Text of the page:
The Impact of Climate Change and Soil Classification on Benzene Concentration in Groundwater Due to Surface Spills of Hydraulic Fracturing Fluids

Dakheel Almaliki, Alaa Jasim and J. K. Bashir, Mohammed and Llamas Borrajo, Juan Francisco (2022). The Impact of Climate Change and Soil Classification on Benzene Concentration in Groundwater Due to Surface Spills of Hydraulic Fracturing Fluids. "Water", v. 14 (n. 8); pp. 1-12. ISSN 2073-4441. https://doi.org/10.3390/w14081202.

Description

Title: The Impact of Climate Change and Soil Classification on Benzene Concentration in Groundwater Due to Surface Spills of Hydraulic Fracturing Fluids
Author/s:
  • Dakheel Almaliki, Alaa Jasim
  • J. K. Bashir, Mohammed
  • Llamas Borrajo, Juan Francisco
Item Type: Article
Título de Revista/Publicación: Water
Date: 8 April 2022
ISSN: 2073-4441
Volume: 14
Subjects:
Freetext Keywords: groundwater contamination; hydraulic fracking; climate change; oil spillage; water aquifers
Faculty: E.T.S.I. de Minas y Energía (UPM)
Department: Energía y Combustibles
Creative Commons Licenses: Recognition - Non commercial

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Abstract

Hydraulic fracturing drilling technology can cause a high risk of surface spill accidents and thus water contamination. Climate change together with the high water demand and rapid increase in industrial and agricultural activities are valued reasons why we should all care about the availability of water resources and protect them from contamination. Hence, the purpose of this study is to estimate the risk associated with a site contaminated with benzene from oil spillage and its potential impact on groundwater. This study focused on investigating the impact of soil variability and water table depth on groundwater contamination. Temperature-dependent parameters, such as soil water content and the diffusion of pollutants, were considered as key input factors for the HYDRUS 1D numerical model to simulate benzene migration through three types of soil (loamy, sandy clay loam, and silt loam) and evaluate its concentration in the water aquifer. The results indicated that an anticipated increase in earth’s average surface temperature by 4 °C due to climate change could lead to a rise in the level of groundwater pollution in the study area by 0.017 mg/L in loamy soil, 0.00046 mg/L in sandy clay loam soil, and 0.00023 mg/L in silt loam soil. It was found that climate change can reduce the amount of benzene absorbed from 10 to 0.07% in loamy soil, 14 to 0.07% in sandy clay loam soil, and 60 to 53% in silt loam soil. The results showed that the soil properties and solute characteristics that depend on the temperature have a major and important role in determining the level of groundwater pollutants.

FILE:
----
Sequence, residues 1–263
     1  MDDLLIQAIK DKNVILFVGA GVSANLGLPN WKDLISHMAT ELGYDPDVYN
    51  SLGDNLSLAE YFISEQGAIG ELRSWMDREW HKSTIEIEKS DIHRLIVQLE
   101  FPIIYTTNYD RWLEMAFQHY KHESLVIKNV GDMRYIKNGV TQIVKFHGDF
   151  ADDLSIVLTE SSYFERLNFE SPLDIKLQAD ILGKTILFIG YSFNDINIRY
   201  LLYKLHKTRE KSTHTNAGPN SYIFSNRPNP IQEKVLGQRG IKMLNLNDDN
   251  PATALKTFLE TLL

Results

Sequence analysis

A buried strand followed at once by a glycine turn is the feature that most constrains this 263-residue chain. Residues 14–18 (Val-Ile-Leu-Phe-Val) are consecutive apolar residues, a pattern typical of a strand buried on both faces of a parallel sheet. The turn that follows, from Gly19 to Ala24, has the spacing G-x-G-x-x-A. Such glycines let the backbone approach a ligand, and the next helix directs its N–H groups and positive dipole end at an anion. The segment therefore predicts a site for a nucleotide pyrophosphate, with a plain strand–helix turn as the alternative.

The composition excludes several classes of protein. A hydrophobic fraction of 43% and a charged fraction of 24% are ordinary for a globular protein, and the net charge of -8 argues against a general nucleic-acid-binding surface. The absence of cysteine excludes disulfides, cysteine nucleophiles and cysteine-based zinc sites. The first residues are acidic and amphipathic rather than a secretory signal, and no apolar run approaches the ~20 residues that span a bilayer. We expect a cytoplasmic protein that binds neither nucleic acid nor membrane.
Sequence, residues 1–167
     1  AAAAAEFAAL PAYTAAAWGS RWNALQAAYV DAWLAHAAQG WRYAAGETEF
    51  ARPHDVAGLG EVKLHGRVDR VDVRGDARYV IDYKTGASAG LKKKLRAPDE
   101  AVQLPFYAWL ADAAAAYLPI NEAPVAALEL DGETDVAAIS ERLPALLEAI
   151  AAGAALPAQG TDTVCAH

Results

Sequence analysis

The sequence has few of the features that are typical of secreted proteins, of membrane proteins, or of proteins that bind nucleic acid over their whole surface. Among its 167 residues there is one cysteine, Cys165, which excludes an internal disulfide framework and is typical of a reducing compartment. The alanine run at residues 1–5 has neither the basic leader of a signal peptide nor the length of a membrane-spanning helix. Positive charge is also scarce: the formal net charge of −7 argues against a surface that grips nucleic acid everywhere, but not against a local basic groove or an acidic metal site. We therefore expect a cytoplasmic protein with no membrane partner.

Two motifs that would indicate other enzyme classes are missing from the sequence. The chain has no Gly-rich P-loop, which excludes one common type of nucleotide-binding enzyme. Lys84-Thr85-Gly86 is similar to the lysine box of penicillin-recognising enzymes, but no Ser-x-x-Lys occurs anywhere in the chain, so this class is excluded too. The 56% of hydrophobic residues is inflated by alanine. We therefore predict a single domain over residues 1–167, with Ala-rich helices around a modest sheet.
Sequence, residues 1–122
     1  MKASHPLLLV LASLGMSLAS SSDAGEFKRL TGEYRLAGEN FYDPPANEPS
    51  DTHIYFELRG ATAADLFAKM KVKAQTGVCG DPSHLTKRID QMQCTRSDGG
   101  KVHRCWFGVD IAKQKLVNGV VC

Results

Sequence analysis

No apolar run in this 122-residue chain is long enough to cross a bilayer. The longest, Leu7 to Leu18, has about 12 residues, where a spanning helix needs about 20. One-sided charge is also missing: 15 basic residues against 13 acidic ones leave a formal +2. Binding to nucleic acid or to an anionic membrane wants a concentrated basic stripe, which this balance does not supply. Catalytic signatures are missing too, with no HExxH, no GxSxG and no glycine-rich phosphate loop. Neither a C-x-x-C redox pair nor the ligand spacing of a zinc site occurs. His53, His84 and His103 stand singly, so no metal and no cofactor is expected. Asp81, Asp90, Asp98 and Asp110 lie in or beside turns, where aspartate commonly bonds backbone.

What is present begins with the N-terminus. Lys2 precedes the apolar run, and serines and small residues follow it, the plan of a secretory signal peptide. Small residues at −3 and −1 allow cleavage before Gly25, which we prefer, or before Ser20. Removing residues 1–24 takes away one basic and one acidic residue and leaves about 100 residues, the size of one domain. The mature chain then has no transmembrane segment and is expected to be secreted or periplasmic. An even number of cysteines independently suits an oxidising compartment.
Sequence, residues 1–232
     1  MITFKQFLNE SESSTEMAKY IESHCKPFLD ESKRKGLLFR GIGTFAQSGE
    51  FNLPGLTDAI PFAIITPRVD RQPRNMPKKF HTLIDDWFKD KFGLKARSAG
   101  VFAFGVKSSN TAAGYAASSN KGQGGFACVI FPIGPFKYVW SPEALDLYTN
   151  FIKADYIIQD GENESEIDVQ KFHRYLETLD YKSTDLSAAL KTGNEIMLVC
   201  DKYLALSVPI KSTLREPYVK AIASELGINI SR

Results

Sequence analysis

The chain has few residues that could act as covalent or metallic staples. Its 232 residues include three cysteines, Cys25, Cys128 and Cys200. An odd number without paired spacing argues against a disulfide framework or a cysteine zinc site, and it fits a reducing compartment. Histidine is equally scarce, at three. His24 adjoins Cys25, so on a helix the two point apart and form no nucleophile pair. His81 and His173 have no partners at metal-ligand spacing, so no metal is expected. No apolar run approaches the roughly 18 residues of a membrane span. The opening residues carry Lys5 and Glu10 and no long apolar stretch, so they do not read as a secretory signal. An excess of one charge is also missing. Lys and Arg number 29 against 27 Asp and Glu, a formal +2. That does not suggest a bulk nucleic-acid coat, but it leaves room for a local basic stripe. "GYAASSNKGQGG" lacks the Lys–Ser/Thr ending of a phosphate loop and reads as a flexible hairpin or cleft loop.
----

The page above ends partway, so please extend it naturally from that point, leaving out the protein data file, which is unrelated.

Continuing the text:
More information

Item ID: 72465
DC Identifier: https://oa.upm.es/72465/
OAI Identifier: oai:oa.upm.es:72465
DOI: 10.3390/w14081202
Official URL: https://www.mdpi.com/2073-4441/14/8/1202
Deposited by: PhD Alaa Jasim Dakheel Almaliki
Deposited on: 26 Jan 2023 06:59
Last Modified: 26 Jan 2023 07:16
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